What Nordstrom Could Gain — or Lose — From a Go-Private Deal

Nordstrom Inc. reportedly moved closer this week to inking a go-private deal with Leonard Green & Partners. The retail-focused private equity firm has reportedly courted the publicly traded department store chain for years but in a increasingly pressured retail climate, some experts believe it could be prime time for Nordstrom to pull the trigger.

Arguably Nordstrom is one of the best retailers on the planet, and it stands to reason that if the family can take it private during this period of major retail disruption, they will have more flexibility in how they approach evolving the business,” retail industry analyst Jeff Van Sinderen said.

Navigating turbulent retail waters as public company under the highly critical gaze of shareholders has been a challenge for Nordstrom — which has outperformed many of its peers amid industrywide meltdowns — and many other public companies in recent years.

Every move made by management to evolve the business is scrutinized by shareholders, and in some cases, longer-term strategic, innovative moves that require testing are not perceived as being of near-term benefit to shareholders,” Van Sinderen said.

To illustrate his view, Van Sinderen pointed out that this week when Nordstrom announced its smaller, cutting-edge “Nordstrom Local” concept, the firm’s stock immediately declined.

“Ironically, this new tech-savvy concept test is exactly the type of innovative move that strong retailers like Nordstrom need to make,” he said. “Some elements of test concepts will work and other won’t, but new, innovative concepts need to be tested in brick-and-mortar and evolved as part of the framework of building the longer-term future of these businesses, which inevitably will have both physical and digital elements.”

Cowen & Co. analyst Oliver Chen — who said this week that he deemed a go-private deal to be “likely” for Nordstrom — also described the Nordstrom Local as “a bold and exciting attempt to mitigate and eliminate pain points” in retail.

Nordstrom does have critical ingredients that can enable the retailer to win and maintain profitable share in the face of Amazon’s intensifying competition,” Chen further noted. “We think Nordstrom is digitally obsessed and the best example in the department store sector of using mobile and online to drive customers to stores, universalizing inventory management and providing the best experience for how and where customers prefer to shop across both full-price and off-price/value channels as well.”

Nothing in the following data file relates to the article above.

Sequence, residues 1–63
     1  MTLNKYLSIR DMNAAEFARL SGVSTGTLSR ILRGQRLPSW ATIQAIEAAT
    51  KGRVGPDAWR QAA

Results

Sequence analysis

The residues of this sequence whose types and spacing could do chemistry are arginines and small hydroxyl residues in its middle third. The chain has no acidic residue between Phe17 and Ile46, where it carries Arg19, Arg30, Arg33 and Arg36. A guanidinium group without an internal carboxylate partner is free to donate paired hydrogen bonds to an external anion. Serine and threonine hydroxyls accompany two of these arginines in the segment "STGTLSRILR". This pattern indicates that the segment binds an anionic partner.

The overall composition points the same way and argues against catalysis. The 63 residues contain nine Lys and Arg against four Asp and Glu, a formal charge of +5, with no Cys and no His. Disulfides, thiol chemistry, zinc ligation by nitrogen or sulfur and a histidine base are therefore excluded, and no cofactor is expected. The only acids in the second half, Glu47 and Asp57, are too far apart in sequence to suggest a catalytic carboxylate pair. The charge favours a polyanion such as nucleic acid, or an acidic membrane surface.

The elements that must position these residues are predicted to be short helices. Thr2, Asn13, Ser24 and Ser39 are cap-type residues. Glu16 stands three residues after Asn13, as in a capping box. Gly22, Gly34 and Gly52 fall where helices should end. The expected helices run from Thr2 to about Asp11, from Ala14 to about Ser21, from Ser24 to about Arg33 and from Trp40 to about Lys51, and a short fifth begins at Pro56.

Still, if Nordstrom is to remain public and continue to test innovative and digital-savvy concepts, it’s going to have to contend with shareholders — many of whom are focused on short-term gains.

The problem is that as a public company, shareholders will sometimes punish you for anything experimental that does not necessarily have a positive contribution to the near-term P&L,” Van Sinderen said. “With the right partners, such as a Leonard Green, and at the right price, a take-private deal for Nordstrom seems feasible.

Still a deal would be far from quick and easy, experts said.

If the Nordstrom family — which currently holds 51.8 million shares, or a 31.2 percent stake in the company — does the take the firm private, the company’s debt is expected to swell.

Chen projected that a deal in the low-$50-per-share range is possible. (Nordstrom stock has hovered around the $45 mark for much of the year.)

“To put together the financing to do this deal, but we think that the ‘clincher’ will be the price paid,” Van Sinderen said. “At a certain price it makes sense and above that level, it simply becomes too risky for all parties. [And] it almost goes without saying that the Nordstrom family wants to pay the lowest ‘fair’ price possible, and knowing how smart they are, I would anticipate that they will adhere to discipline on price paid.”

Nordstrom announced in June that it was mulling a deal to take the company private.

As of 2 p.m. ET, Nordstrom shares were in the red 2.2 percent to $46.72.

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